Which Wild Card team could win it all?

All these teams need is a chance

September 22nd, 2021

With two weeks of the season left, most of the postseason picture has been revealed to us the way a streetside three-card-monte player shows that you've lost yet again. But there is still an all-out battle royale for the Wild Card, with eleven teams all with some kind of claim on the four Wild Card spots. (Sorry, Mets -- FanGraphs may say you still have a 1-in-200 chance of reaching the postseason, but I'm not taking those odds.)

So, while we know that the division winners are the best at playing a six-month schedule, the postseason is a little different. Every pitch matters, every weird bounce can change history and the starting rotation depth which was necessary over the summer is no longer quite so important.

There have been seven World Series-winning Wild Card teams -- a rate of one winning it all about every four years. The Nats were the last to do it in 2019 when they upset the Astros, but just which team is most likely to pull it off this year?

Let's take a look, ranking them from most to least likely. For this exercise, we're not overly concerned with where they are in the standings, but rather how unstoppable they could be once they get to the postseason.

1. Dodgers

Current spot: 1st Wild Card; 1 game behind S.F. in NL West

There's a reason the Dodgers have a roughly 4,000-game lead over the teams hunting for the second Wild Card: They're a terrifying powerhouse that, if you were to simulate the 2021 season 1,000 times, would likely win the division the following 999 times. The rotation is full of Cy Young candidates: Clayton Kershaw and Max Scherzer share six awards between them and might add a seventh this year, while Walker Buehler and Julio Urías have sub-3.00 ERAs and have combined for 32 wins.

The outfield has former MVP Mookie Betts -- who has the second-best WAR since 2012 behind only Mike Trout. Cody Bellinger may have what can only be called the "hitting oopsies," but he's also a former MVP, who could turn it on at a moment's notice (when healthy). There's Max Muncy and Corey Seager and Will Smith, etc. etc. etc. There's a reason they have the best run differential in the game. They even have the best winning percentage of any team following up a World Series -- and still are somehow not in first place.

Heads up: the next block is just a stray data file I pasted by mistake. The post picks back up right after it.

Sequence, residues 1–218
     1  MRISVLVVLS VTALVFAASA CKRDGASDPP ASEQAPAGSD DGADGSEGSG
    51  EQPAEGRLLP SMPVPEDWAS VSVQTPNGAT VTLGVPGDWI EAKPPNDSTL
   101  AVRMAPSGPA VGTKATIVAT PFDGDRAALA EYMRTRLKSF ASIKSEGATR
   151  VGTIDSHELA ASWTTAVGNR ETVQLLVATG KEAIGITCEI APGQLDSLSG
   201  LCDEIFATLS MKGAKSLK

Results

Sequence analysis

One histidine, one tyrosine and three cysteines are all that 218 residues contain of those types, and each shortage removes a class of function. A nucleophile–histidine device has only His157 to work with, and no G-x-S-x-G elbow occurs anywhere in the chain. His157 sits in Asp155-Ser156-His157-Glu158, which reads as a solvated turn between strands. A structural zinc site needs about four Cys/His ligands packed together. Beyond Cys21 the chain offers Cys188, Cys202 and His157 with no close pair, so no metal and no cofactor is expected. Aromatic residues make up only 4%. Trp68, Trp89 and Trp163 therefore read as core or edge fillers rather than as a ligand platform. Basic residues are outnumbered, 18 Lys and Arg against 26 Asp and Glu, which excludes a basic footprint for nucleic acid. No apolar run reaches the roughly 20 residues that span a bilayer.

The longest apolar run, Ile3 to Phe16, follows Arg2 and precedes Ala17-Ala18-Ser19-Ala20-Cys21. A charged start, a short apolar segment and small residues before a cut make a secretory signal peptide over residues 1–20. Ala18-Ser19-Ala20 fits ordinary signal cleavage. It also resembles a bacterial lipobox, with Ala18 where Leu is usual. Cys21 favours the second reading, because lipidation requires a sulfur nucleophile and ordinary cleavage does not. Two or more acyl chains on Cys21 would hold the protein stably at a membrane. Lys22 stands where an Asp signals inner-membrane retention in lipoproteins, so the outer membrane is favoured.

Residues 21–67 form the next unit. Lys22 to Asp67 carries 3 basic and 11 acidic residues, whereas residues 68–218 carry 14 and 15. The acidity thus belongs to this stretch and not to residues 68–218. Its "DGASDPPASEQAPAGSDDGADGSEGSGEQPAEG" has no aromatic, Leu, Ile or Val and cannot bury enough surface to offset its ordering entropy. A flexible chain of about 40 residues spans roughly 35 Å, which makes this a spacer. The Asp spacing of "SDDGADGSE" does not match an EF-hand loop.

2. Blue Jays

Current spot: + 1/2 game for 2nd AL Wild Card

Have you ever tried to escape a James Bondian death trap, something with lasers aimed straight at your solar plexus? Because that's the only metaphor to describe having to pitch to the Blue Jays.

The lineup has Vlad Guerrero Jr. -- who just may win a Triple Crown -- while offseason pickup Marcus Semien has topped 40 home runs and would be in the MVP running if not for his teammate and Shohei Ohtani. That makes them the first team since the 2002 Rangers to have multiple 40-plus home run infielders. There's also Bo Bichette, George Springer, Lourdes Gurriel Jr. -- all dinger bringers, as well -- and they're joined by Teoscar Hernández, who is basically Edwin Encarnacion without the renown (or the parrot).

The team's rotation has also become a strength -- especially in October when they can get by with a combination of Robbie Ray, Hyun Jin Ryu and Trade Deadline acquisition José Berríos. While the bullpen is a concern, the Jays can run up some football scores, making the issue more academic than anything else.

3. Giants

Current spot: First place in NL West, 1 game ahead of Dodgers

Yes, the Giants are in first place, but with such a small lead over the Dodgers, they could slip back into the Wild Card battle easier than the Mets can force their way into the discussion. (Sorry again, Mets fans.)

As for why they're third and not the No. 1 team, well, quite frankly, a part of me still can't believe they're here. Projected to win just 75 games by PECOTA at the start of the year, San Francisco has continued to confound everyone. They lead the National League in home runs, despite Brandon Belt pacing the team with 26 long balls. At the age of 34, Buster Posey has put together his best offensive season since he won the MVP at 25, leading a nation of 30-somethings to ask, "Just what can I do to transport myself back to 25, too?"